In the past, a community charged an initiation or capital contribution fee each time a home was sold. A newly appointed Board of Directors discovers that this charge was not specifically authorized in the governing documents, and decides to end the practice. Perhaps tens or hundreds of thousands of dollars were collected through the years. Although the Board may wish to refund the homeowners, the reality is that the money has already been spent addressing critical maintenance issues.
The question arises: Is there some type of statute of limitations on how far back reimbursements would have to be provided? A quick call to the Association’s legal counsel reveals that no money will have to be refunded, due to something known as the “voluntary payment doctrine”.
This legal defense states that a payment voluntarily made cannot be recovered by claiming there never was an obligation to make the payment in the first place. While controversial, and treated very differently in other parts of the U.S. (it is actually banned in Florida), in Georgia it has been codified as a defense to repayment. The Georgia state statute (section 13-1-13) says “Payments of claims made through ignorance of the law or where all the facts are known and there is no misplaced confidence and no artifice, deception, or fraudulent practice used by the other party are deemed voluntary and cannot be recovered unless made under an urgent and immediate necessity therefore or to release person or property from detention or to prevent an immediate seizure of person or property. Filing a protest at the time of payment does not change the rule prescribed in this Code section.”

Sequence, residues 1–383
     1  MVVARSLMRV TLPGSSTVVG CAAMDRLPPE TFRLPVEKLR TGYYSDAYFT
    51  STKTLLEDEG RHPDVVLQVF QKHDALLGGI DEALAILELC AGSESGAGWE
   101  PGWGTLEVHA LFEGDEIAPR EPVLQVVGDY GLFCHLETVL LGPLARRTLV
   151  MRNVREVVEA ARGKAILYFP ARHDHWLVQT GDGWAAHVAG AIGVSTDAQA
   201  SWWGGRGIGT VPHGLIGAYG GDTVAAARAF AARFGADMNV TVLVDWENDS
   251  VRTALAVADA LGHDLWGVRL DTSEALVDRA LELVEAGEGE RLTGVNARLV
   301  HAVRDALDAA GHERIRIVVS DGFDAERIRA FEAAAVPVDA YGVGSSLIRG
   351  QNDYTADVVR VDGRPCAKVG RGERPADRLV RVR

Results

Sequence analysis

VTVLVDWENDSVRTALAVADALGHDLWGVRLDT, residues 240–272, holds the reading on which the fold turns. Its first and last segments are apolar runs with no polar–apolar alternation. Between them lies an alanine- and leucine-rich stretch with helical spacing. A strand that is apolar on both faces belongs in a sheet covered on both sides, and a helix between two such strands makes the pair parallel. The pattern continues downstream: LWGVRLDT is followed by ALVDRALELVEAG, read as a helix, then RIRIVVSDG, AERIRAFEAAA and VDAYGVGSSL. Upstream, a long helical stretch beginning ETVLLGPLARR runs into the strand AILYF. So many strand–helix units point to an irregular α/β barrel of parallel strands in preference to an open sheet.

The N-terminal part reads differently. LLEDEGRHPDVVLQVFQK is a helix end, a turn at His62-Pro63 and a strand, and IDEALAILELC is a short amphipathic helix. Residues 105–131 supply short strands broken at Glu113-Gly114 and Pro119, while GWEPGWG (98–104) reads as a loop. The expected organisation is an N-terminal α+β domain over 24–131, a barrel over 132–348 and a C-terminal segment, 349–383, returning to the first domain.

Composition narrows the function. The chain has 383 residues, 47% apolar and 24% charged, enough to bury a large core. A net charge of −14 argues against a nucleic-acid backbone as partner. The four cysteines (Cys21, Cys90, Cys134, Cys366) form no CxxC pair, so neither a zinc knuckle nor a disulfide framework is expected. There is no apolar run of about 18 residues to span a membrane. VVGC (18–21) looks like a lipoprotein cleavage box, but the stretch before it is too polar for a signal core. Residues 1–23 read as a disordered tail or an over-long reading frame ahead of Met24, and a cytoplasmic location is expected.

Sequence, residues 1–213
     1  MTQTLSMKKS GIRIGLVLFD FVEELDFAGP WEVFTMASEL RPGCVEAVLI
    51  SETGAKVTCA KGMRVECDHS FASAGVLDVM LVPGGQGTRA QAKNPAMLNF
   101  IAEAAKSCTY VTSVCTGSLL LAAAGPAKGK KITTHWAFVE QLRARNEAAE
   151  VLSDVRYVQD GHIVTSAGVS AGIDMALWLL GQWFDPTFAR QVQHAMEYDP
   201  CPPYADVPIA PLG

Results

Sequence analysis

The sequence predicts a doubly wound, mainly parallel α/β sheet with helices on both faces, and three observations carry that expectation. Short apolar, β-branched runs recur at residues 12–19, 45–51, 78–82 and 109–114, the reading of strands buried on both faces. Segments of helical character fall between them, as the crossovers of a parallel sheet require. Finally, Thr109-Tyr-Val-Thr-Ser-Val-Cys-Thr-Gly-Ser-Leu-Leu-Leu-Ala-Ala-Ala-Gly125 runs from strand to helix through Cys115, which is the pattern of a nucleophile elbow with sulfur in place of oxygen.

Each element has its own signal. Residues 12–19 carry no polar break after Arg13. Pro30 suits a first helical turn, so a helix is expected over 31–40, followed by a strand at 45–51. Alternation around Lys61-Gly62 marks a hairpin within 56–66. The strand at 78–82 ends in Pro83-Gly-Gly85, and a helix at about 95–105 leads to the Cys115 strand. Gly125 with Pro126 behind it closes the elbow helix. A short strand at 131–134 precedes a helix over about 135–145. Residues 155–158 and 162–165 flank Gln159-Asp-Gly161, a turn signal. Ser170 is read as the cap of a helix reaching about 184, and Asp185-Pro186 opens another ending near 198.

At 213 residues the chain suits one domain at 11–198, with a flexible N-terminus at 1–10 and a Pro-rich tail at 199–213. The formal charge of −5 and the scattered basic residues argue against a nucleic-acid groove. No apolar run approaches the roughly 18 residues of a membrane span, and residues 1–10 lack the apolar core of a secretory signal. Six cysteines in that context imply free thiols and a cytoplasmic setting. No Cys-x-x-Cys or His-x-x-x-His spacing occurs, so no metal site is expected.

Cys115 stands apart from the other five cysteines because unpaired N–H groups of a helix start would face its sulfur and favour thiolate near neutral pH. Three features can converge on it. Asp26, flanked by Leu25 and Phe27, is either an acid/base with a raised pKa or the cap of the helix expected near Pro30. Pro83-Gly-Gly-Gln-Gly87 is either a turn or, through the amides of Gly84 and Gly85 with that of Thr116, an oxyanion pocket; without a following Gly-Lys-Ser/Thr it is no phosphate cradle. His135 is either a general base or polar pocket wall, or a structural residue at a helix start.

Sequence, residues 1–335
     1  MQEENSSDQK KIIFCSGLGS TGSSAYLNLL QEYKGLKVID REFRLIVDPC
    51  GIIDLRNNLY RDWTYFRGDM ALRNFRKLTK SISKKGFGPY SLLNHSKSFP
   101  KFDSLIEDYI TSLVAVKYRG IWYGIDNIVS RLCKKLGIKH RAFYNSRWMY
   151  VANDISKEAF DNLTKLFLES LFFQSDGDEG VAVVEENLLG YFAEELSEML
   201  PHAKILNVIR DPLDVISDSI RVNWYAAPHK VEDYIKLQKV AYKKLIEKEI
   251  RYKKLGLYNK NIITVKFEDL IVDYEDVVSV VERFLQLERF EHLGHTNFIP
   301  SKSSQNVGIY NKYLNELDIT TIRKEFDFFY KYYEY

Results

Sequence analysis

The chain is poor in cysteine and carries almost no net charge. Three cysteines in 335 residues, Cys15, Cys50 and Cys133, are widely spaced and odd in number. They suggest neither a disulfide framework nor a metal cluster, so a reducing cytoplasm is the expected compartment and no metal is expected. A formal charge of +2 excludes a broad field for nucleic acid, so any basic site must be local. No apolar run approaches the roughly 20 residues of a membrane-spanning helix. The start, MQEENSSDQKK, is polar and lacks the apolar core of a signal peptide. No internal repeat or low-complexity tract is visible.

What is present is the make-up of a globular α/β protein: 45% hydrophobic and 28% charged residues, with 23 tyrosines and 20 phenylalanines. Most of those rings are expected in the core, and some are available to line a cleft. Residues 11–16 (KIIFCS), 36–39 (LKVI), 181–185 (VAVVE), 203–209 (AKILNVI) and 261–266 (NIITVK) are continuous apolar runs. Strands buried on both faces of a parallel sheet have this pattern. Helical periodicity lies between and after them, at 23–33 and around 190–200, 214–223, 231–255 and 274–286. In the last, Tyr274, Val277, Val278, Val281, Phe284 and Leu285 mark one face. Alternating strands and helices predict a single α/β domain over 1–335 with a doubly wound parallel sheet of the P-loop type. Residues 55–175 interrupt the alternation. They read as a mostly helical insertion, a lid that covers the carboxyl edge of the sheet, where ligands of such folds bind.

If your Association finds itself in a similar situation, be sure to consult legal counsel to determine if this defense may apply to you.